Looking To Move Into Academia From Hospitality Or Become An Expert In Analytics And Big Data?
If So, The University Of Delaware May Have Just The Program For You
By Stuart Pallister, Contributor to Hospitality Net
With many hoteliers contending with torrents of data, it's perhaps timely that the University of Delaware is launching a PhD program in Hospitality Business Analytics this fall at the Alfred Lerner College of Business and Economics. Although the plan is to start off small - with just two candidates taken on in the first couple of years - the University wants to scale the program up in the coming years and will be looking to attract industry professionals.
"Data analytics is here to stay because of the volume of data and the speed of the data that's being generated. It may take new shape as it goes forward, but I think the analytical piece will be there for some time. Companies are only now recognizing there's a lot of data out there but they're not doing anything with it."
The original focus of analytics, he says, was primarily consumer data. "What are consumers doing? What are they thinking and what are they purchasing? But data analytics - big data - is not just that. It's the vast range of data from other domains that you can connect to consumption behavior and profitability."
Data analytics goes well beyond consumer-related information, he says. "You have data streams coming from weather, traffic, the whole topography. There's a phenomenal amount of data that has to be collated and you start looking for associations."
The University wants to attract hospitality professionals as well as master's students to the PhD program. Industry experience will be essential. "I would like to see people from industry who are in areas like digital media, customer relationship management or revenue management, people who are involved in setting up loyalty programs or are involved in designing and working on revenue management software. And, of course, social media strategists."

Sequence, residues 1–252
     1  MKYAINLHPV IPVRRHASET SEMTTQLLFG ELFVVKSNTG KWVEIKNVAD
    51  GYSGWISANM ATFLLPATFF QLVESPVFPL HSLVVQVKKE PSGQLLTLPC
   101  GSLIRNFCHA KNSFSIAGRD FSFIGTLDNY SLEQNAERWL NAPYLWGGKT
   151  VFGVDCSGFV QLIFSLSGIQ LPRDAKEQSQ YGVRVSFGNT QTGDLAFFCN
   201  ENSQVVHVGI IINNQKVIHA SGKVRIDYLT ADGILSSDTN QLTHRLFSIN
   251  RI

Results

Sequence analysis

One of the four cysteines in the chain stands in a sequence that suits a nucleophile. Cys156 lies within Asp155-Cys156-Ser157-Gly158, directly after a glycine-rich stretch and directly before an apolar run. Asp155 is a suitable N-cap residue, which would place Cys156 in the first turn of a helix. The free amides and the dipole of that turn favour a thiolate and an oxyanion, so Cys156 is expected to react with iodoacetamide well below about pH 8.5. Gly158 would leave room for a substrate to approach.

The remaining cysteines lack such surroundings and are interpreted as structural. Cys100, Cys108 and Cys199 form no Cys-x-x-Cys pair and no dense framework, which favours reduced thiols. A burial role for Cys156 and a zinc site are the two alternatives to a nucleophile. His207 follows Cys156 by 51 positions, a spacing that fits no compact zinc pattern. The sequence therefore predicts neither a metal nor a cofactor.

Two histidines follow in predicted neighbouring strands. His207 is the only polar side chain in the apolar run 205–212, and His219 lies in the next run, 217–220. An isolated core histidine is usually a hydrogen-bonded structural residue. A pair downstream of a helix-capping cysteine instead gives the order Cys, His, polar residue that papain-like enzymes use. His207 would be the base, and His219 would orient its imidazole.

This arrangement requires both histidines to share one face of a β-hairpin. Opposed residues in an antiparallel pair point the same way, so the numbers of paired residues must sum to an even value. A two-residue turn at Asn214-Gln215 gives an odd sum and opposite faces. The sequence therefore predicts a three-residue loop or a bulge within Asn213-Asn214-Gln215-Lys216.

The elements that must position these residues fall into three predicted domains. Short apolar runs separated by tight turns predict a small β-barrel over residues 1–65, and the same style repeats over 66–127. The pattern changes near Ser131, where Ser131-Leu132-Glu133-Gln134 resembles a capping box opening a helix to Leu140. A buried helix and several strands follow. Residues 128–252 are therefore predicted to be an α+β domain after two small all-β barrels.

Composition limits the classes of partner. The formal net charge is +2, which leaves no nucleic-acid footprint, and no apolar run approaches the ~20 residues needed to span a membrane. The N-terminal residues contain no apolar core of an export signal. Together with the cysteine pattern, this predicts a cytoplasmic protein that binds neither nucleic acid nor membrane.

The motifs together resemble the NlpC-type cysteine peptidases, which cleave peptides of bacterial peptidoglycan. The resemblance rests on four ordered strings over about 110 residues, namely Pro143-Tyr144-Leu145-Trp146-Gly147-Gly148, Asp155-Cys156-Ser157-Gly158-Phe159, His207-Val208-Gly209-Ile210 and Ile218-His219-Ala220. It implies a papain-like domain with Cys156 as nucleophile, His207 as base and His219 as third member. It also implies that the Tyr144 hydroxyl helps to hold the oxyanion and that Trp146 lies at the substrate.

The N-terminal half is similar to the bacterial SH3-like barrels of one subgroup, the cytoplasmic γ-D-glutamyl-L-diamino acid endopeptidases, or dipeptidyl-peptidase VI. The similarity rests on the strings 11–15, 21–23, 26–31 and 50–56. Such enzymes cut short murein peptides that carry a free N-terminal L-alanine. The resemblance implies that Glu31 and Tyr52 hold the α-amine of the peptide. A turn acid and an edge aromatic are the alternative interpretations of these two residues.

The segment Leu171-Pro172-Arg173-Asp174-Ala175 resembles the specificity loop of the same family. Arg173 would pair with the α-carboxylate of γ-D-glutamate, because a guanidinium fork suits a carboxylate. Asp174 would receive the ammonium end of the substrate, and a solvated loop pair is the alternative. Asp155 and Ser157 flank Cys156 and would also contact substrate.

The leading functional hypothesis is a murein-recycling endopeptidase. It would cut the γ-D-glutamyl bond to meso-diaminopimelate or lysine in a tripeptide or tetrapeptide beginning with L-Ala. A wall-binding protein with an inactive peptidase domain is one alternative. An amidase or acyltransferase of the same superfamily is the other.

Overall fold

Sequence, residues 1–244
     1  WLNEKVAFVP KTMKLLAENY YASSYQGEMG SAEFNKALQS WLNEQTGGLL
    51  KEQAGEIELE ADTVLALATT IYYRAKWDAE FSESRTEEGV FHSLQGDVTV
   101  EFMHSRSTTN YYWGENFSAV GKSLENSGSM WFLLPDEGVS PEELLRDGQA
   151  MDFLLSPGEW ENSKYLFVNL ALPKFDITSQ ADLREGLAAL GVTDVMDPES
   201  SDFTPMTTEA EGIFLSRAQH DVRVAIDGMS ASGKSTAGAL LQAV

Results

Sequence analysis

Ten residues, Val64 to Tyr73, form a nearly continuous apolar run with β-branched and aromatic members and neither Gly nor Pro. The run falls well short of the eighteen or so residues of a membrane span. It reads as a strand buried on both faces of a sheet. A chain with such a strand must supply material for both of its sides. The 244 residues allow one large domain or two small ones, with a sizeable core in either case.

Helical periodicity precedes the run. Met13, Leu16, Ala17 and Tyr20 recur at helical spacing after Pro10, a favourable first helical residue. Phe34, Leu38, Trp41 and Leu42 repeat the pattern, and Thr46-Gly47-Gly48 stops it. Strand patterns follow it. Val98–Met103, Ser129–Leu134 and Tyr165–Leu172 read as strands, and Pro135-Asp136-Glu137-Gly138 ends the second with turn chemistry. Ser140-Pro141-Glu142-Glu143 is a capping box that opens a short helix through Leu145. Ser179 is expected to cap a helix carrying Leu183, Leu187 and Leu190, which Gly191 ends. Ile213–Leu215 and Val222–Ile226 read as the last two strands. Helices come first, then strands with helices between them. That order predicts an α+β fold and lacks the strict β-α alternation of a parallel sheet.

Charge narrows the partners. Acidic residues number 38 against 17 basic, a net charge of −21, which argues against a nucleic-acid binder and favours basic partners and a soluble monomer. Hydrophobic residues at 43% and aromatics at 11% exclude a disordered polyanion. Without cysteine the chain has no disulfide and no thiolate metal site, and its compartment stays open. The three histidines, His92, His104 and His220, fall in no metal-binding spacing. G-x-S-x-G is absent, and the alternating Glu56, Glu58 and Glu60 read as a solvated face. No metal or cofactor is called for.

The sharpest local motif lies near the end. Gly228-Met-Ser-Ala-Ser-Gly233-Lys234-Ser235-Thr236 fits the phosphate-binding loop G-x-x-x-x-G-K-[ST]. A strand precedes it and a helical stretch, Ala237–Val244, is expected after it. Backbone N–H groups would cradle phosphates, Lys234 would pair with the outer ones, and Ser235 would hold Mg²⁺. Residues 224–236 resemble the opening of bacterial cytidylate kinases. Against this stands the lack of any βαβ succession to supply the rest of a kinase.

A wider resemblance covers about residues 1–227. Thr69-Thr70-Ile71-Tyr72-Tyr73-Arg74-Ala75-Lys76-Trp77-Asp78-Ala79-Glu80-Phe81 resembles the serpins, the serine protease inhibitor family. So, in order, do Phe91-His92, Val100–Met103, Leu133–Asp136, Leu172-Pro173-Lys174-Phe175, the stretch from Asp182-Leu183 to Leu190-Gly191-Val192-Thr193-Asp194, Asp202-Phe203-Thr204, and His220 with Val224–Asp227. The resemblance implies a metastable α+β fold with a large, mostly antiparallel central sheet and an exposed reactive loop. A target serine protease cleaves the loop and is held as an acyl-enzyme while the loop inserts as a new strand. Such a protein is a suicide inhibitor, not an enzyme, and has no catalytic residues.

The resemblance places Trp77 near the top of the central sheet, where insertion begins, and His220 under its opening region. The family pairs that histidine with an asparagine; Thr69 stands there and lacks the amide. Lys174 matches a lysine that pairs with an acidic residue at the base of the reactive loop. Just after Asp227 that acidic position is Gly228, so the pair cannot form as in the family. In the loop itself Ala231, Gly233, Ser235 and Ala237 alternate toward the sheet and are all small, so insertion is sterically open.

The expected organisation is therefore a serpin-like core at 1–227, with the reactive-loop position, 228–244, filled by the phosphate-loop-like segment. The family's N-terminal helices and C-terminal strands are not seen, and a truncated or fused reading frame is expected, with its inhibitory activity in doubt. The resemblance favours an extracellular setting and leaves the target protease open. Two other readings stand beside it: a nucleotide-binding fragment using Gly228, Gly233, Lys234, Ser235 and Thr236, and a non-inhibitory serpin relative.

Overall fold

Dr Beldona has already been sounding out interest at conferences in Asia and elsewhere. "We've been talking to people who are showing tremendous interest in analytics and the interest in China and South Korea is amazing." Many universities want their faculty to attain PhDs, he says, adding that they've even requested that Delaware "set it up in a way that you can come and teach there." In addition, several universities in Hong Kong have already indicated they would be interested in sending their faculty to take the PhD program and would "sponsor that faculty member all the way through."
For now, the plan is to focus on rolling out the program in Delaware itself. "The PhD's a totally different ballgame, unlike a master's program where you just go and teach and walk out. PhDs are about engagement and interaction. There are a bucket load of ideas. We have to be realistic."
He says that, while in Hong Kong earlier this year, 'high-level industry leaders' from major hotel chains showed a lot of interest in the program. "We would typically look at anybody with a good understanding of the hospitality experience. They must have worked at a managerial level, in areas such as operations, revenue management, digital strategy or information systems integration."
While ideally candidates should have an advanced degree, this will be the first PhD in hospitality to take candidates with bachelor's degrees, he says. "We will consider exceptional candidates who have only bachelor's degrees who have very good academic foundations in mathematics and exposure to statistical methods. If the person has done calculus in their undergraduate degree, that would be important."